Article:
3.1 Experimental micro-catchment study
We compared the streamflow of the micro-catchments by using empirical data from field measurements from 2013 to 2014. At the catchment outlets, we installed rectangular weirs and a DS 5X multiparameter sonde (OTT, USA) to measure water level and to quantify streamflow. We quantified the runoff coefficient as the ratio of total streamflow to total precipitation, and the baseflow index as the ratio of total baseflow to total streamflow following Nóbrega et al. (2017). In these catchments, we also collected 1 L water samples during stormflow events for suspended sediment concentration (SSC) analysis following the method of ASTM (2000). More details on the catchments' characteristics and instrumentation setup can be found in Guzha et al. (2015).
3.2 Jamanxim River basin modelling
We simulated the hydrological behavior of the Jamanxin River basin using the SWAT eco-hydrological model (Arnold et al., 2012). For the setup, calibration and validation of SWAT, we used a gradual land-use change parameterization, field assessments, and available regional data, and then simulated a land-use change scenario in order to quantify the changes in the water balance components due to deforestation. The model parameterization, calibration and validation details can be found in Lamparter et al. (2016). The land-use change scenario used in this study (Fig. 2) suggests a rapid pasture expansion according the study of Gollnow et al. (2017).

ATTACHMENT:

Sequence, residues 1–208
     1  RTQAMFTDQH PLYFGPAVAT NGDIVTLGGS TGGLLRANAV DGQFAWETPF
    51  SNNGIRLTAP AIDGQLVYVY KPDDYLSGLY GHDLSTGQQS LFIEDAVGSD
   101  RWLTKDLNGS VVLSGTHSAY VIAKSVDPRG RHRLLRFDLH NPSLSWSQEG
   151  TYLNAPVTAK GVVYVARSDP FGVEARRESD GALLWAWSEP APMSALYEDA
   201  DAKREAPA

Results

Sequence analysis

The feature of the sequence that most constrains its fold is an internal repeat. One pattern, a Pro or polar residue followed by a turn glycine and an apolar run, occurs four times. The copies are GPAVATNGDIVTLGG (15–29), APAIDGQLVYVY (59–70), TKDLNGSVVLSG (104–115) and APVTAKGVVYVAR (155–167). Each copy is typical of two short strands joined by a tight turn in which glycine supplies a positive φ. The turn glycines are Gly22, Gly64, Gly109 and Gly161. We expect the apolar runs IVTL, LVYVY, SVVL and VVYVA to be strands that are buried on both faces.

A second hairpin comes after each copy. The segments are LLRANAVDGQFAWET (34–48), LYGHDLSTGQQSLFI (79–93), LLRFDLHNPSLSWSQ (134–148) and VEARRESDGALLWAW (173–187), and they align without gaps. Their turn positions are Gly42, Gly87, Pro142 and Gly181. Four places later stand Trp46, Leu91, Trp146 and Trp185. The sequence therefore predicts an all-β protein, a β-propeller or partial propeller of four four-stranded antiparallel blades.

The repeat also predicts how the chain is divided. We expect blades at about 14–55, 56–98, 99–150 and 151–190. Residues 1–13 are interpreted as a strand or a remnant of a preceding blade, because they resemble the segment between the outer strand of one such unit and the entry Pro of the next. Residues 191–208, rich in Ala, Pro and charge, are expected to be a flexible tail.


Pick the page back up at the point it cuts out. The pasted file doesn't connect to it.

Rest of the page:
3.3 Tapajós River basin analysis
We investigated trends in Q, sediments, and hydrochemistry and geochemistry, i.e. pH, DOC, Mg, K, HCO, Si, NO and Ca, in the Tapajós River using available data from the HYBAM Observation Service (http://www.ore-hybam.org, station code 17730000). We used Mann-Kendall test for detecting either an upward or downward trend in the data series with a significance threshold set at .05. The data were also used to quantify fluxes of nitrate and total dissolved carbon (DOC) using mean discharge and concentration in 5-year periods from 1996 to 2015.
Figure 3 shows the streamflow comparison between the two micro-catchments. The pasture catchment has a higher runoff coefficient (0.67) than the forest catchment (0.28). Baseflow indices were 0.76 and 0.88 for the pasture and forest catchments, respectively, showing a higher baseflow contribution in the forest catchment. At this scale, the SSC were also significantly higher during stormflows in the pasture (mean of 579.7 mg L−1, n = 37) than in the forest catchment (mean of 81.8 mg L−1, n = 50). The geometric mean and 75th percentile for the SSC in the pasture and forest catchments were 47.2 and 26.1 mg L−1, and 886.0 and 147.8 mg L−1, respectively.